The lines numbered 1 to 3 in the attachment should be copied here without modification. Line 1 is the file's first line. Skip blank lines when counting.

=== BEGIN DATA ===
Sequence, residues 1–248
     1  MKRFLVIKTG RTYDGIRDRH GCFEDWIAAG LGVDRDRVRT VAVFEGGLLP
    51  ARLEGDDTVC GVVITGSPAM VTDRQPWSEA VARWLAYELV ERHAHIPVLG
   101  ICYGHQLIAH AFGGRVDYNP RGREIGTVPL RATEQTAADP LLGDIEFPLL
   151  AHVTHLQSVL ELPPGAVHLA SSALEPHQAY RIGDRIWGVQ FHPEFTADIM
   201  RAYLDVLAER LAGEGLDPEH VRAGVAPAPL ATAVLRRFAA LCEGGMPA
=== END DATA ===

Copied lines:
Sequence, residues 1–248
     1  MKRFLVIKTG RTYDGIRDRH GCFEDWIAAG LGVDRDRVRT VAVFEGGLLP
    51  ARLEGDDTVC GVVITGSPAM VTDRQPWSEA VARWLAYELV ERHAHIPVLG